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Chemistry is the scientific discipline involved with compounds composed of atoms, i.e. elements, and molecules, i.e. combinations of atoms: their composition, structure, properties, behavior and the changes they undergo during a reaction with other compounds. Chemistry addresses topics such as how atoms and molecules interact via chemical bonds to form new chemical compounds. There are four types of chemical bonds: covalent bonds, in which compounds share one or more electron(s); ionic bonds, in which a compound donates one or more electrons to another compound to produce ions (cations and anions); hydrogen bonds; and Van der Waals force bonds.
In the scope of its subject, chemistry occupies an intermediate position between physics and biology. It is sometimes called the central science because it provides a foundation for understanding both basic and applied scientific disciplines at a fundamental level. Examples include plant chemistry (botany), the formation of igneous rocks (geology), how atmospheric ozone is formed and how environmental pollutants are degraded (ecology), the properties of the soil on the moon (astrophysics), how medications work (pharmacology), and how to collect DNA evidence at a crime scene (forensics).
The history of chemistry spans a period from very old times to the present. Since several millennia BC, civilizations were using technologies that would eventually form the basis of the various branches of chemistry. Examples include extracting metals from ores, making pottery and glazes, fermenting beer and wine, extracting chemicals from plants for medicine and perfume, rendering fat into soap, making glass, and making alloys like bronze. Chemistry was preceded by its protoscience, alchemy, which is an intuitive but non-scientific approach to understanding the constituents of matter and their interactions. It was unsuccessful in explaining the nature of matter and its transformations, but, by performing experiments and recording the results, alchemists set the stage for modern chemistry. Chemistry as a body of knowledge distinct from alchemy began to emerge when a clear differentiation was made between them by Robert Boyle in his work The Sceptical Chymist (1661). While both alchemy and chemistry are concerned with matter and its transformations, the crucial difference was given by the scientific method that chemists employed in their work. Chemistry is considered to have become an established science with the work of Antoine Lavoisier, who developed a law of conservation of mass that demanded careful measurement and quantitative observations of chemical phenomena. The history of chemistry is intertwined with the history of thermodynamics, especially through the work of Willard Gibbs. Read more...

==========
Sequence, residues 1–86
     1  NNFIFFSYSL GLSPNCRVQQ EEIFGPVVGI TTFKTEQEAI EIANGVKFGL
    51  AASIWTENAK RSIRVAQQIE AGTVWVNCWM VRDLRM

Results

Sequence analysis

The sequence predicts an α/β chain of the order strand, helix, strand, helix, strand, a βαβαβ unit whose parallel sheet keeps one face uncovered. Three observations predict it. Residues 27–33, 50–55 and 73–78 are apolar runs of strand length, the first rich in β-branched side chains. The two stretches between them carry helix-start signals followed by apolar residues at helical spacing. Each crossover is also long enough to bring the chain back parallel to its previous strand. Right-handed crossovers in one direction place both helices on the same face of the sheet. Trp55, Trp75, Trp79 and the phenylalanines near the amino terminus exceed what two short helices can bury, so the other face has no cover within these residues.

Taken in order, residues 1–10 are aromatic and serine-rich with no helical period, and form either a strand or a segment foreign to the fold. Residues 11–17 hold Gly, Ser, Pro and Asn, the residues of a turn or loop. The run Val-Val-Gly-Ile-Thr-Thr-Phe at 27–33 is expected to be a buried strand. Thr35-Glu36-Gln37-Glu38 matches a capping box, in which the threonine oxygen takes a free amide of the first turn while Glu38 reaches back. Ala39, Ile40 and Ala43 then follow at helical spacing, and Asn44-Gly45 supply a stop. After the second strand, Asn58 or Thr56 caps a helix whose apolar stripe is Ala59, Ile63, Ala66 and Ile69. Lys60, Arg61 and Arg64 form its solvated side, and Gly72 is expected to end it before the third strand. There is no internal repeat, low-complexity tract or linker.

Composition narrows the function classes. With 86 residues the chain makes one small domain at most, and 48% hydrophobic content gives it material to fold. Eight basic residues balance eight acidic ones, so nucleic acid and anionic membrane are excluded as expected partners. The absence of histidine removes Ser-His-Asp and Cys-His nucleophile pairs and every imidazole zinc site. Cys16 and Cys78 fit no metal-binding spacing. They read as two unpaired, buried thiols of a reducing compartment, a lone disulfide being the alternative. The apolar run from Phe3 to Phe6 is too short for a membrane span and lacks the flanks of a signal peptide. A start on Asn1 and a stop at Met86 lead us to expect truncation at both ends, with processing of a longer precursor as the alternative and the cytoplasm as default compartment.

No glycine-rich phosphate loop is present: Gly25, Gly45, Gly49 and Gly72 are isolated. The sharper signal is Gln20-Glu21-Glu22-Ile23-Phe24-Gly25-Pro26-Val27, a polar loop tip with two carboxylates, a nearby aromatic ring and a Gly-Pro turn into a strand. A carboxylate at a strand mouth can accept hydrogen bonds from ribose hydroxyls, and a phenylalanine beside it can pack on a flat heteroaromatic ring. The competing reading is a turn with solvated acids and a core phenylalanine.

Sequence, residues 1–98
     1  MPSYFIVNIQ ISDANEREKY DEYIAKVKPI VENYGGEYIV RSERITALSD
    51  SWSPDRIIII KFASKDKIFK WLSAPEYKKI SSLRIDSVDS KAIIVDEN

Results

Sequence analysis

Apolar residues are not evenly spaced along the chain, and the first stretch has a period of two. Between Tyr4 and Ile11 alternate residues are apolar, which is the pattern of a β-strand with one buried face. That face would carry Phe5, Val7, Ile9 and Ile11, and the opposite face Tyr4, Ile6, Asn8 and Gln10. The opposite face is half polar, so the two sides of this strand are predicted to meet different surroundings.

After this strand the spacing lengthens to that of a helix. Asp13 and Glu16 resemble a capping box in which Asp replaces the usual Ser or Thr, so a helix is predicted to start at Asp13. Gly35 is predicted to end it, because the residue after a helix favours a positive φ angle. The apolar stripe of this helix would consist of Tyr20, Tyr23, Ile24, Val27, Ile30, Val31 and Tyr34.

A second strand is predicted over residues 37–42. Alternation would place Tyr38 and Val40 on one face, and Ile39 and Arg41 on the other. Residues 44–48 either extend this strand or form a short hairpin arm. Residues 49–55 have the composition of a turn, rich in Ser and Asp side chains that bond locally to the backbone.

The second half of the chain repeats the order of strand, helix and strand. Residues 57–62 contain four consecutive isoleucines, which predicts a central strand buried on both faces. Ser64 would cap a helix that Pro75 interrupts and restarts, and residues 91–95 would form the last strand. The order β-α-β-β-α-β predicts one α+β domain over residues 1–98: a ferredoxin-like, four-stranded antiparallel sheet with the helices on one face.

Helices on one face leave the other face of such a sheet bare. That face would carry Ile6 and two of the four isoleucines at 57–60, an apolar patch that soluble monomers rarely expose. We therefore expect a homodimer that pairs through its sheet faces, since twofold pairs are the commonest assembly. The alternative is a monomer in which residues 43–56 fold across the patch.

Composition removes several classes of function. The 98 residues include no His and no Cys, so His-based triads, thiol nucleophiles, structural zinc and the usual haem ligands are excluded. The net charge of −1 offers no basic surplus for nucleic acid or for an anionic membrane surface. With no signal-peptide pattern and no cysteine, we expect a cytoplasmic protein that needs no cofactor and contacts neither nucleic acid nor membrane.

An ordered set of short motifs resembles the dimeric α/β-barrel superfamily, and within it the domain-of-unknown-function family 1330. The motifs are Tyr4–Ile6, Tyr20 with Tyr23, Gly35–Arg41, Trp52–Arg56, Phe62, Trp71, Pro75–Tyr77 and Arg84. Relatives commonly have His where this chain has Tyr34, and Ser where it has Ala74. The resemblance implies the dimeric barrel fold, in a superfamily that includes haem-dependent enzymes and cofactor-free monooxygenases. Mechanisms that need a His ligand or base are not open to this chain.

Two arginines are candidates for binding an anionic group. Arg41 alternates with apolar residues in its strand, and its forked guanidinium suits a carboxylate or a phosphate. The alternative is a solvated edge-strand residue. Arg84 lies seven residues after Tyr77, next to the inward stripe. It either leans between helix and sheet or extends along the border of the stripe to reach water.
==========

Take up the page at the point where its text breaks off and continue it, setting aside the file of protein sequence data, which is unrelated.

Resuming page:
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Lysergic acid diethylamide
, commonly called LSD
, or LSD-25
, is a semisynthetic psychedelic drug
. The short form LSD comes from "L
iethylamid". A typical single dose of LSD during the 1960s was between 100 and 200 micrograms, a tiny amount roughly equal to one-tenth the weight of a grain of sand. Today, a typical single dose of LSD can be as low as 25–50 micrograms, although they are more commonly 50–100 micrograms. Threshold effects can be felt with as little as 20 micrograms.